“Probably individually would be the Players Championship, making the Ryder Cup team is right there with it. Making the two Presidents Cup teams, playing for your country, representing your country was huge…I gotta say the Players is by far my biggest win. The US Senior Open was very big as well, but representing my country, I never really dreamed I’d make a Ryder Cup team so that was pretty special there…That was neat too [winning the Mayakoba Golf Classic] but that kind of falls, I’d like to do it again. I still feel like I could if I’m hitting on all cylinders, I can still get myself in contention to win on a regular tour. I think a lot guys out here on the senior/Champion’s Tour feel the same way. I would love to pull that one off.”

There’s a legendary story about a skins game involving Fred Funk and one of the greatest women golfers ever, Anika Sorenstam. Fred made a bet that if Anika could outdrive him, he would put on a pink skirt. Whatever you might think about a man donning a skirt, Fred says it was one of the greatest moments of his career. Funk noted it’s the one thing he hears about from people, more than anything else.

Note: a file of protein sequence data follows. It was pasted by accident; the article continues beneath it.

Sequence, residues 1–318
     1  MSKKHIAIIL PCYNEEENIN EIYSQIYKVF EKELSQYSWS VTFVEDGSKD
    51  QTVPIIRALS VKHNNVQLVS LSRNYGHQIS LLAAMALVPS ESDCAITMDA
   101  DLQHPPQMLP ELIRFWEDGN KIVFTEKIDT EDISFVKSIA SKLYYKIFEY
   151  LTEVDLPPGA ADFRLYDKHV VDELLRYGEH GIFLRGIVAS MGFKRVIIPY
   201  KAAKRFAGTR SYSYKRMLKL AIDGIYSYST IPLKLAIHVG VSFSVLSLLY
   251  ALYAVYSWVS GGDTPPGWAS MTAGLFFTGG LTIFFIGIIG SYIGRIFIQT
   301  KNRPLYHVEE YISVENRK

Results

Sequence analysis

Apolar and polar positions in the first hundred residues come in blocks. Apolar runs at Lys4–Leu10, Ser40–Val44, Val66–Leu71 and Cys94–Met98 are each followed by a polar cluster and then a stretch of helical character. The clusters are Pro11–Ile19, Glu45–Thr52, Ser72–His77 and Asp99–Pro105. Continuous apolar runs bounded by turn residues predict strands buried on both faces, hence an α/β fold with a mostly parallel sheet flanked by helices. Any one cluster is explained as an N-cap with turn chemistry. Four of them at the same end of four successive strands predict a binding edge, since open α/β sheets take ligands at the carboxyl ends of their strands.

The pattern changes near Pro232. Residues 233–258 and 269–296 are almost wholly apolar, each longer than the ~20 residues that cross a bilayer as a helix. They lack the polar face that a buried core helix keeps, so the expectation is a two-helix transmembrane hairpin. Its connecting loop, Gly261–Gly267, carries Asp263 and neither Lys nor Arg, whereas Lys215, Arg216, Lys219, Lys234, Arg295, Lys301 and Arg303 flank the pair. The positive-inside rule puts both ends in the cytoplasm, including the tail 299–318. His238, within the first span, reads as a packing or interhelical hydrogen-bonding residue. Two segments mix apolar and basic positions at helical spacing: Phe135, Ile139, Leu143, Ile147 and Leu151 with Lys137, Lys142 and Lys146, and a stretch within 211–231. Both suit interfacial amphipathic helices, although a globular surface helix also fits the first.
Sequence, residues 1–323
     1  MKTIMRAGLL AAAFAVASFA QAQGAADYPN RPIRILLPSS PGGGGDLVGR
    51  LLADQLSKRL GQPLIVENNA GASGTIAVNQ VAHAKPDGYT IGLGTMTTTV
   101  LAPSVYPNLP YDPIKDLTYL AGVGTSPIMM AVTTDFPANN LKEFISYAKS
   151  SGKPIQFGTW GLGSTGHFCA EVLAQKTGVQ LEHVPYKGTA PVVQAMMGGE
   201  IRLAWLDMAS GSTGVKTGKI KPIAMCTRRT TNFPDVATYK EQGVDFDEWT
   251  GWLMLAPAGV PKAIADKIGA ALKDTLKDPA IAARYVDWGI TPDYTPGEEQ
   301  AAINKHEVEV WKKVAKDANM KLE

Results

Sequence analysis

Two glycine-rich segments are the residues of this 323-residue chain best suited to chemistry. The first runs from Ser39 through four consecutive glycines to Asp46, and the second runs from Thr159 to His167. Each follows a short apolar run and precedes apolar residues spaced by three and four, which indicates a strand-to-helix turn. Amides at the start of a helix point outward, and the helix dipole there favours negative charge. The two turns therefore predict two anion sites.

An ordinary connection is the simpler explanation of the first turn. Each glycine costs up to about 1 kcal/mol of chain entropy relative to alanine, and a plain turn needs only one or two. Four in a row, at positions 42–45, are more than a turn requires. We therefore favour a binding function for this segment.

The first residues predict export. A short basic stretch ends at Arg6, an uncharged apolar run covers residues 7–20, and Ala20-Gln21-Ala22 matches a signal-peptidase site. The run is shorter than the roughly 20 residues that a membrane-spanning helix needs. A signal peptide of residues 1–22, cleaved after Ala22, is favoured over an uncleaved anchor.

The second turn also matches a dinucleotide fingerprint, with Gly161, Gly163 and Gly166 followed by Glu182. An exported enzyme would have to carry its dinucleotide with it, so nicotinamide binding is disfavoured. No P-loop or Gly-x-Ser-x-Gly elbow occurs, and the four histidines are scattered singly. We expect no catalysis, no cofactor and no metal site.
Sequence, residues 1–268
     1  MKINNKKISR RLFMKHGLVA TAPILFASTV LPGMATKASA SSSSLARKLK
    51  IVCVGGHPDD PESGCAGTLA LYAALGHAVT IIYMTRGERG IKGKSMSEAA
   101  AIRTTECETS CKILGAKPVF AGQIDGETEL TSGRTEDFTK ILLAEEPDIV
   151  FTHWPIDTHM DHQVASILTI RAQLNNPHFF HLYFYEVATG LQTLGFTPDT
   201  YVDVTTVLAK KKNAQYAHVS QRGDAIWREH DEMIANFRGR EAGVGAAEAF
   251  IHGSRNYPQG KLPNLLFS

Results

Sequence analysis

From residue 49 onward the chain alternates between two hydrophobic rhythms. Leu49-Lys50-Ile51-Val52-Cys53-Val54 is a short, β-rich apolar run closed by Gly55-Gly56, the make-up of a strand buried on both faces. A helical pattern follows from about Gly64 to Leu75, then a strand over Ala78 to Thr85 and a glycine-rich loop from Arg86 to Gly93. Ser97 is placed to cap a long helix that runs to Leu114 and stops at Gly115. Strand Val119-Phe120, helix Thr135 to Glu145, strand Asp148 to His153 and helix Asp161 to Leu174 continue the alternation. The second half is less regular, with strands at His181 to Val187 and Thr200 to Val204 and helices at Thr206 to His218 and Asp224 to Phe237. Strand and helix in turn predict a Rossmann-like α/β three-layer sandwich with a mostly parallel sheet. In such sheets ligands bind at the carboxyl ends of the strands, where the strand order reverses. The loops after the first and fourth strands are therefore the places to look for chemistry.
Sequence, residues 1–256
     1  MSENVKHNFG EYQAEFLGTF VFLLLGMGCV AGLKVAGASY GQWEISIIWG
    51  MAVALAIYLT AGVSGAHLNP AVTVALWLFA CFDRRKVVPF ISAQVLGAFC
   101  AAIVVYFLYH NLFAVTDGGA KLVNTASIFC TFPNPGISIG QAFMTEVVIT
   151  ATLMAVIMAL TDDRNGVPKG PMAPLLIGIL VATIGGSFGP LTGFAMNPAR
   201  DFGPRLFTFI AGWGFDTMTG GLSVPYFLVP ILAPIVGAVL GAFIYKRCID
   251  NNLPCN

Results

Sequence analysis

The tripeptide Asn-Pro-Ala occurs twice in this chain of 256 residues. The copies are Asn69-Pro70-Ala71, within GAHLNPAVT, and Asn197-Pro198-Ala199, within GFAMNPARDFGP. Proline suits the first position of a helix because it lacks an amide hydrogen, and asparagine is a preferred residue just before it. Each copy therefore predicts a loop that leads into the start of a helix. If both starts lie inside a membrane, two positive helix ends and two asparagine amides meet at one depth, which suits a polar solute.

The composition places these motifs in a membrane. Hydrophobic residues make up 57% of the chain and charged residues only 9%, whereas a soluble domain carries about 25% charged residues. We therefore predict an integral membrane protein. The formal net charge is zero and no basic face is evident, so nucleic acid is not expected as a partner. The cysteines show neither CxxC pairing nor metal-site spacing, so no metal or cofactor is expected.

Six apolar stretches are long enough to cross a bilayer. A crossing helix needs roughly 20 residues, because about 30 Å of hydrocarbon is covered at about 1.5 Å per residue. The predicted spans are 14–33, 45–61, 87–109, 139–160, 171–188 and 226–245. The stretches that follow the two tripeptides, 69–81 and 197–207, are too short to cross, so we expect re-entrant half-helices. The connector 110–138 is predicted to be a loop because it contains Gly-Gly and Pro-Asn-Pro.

“Well, I set myself up for that one. I asked her whether I could put on a skirt. It was kind of my idea if I lost the bet. She didn’t have anything to lose. It wasn’t like if I had outdrove her all day long she had to do something. Yeah. It was neat. It ended being one of the greatest moments of my career because it was on national television, it was a real lighthearted fun thing. I probably hear more about me putting on that skirt than anything I’ve ever done. So that turned out to be one of the best moments of my golf career believe it or not.

Funk’s most loyal fans are called Funk’s Punks. He says it was a group of neighbors that started it. Today, it has become an organization that works with numerous charities.

“It’s a group of neighbors of mine at home that started it. They’ve become a really big group. They’ve become a big charitable organization. They raised a lot of money for different charities, mainly Wounded Warriors now and a kid that we helped build a house for that got paralyzed in a football injury we’ve been helping out ever since, but they’re a great group.”

Finally, Fred lists a few golfers who he believes could win the US Open this week and will play great:

“I think a guy like a Luke Donald or Matt Kuchar will play extremely well. They keep the ball in play. They’re great putters, real precision type golfers. I don’t think an over powering guy is gonna do as well. Not that there’s any substitute for length, but if you’re not hitting fairways and hitting it in the short grass, you’re not gonna have a chance.”

Photo credit is to the PGA Tour.

You can email Chris Yandek at ChrisYandek@CYInterview.com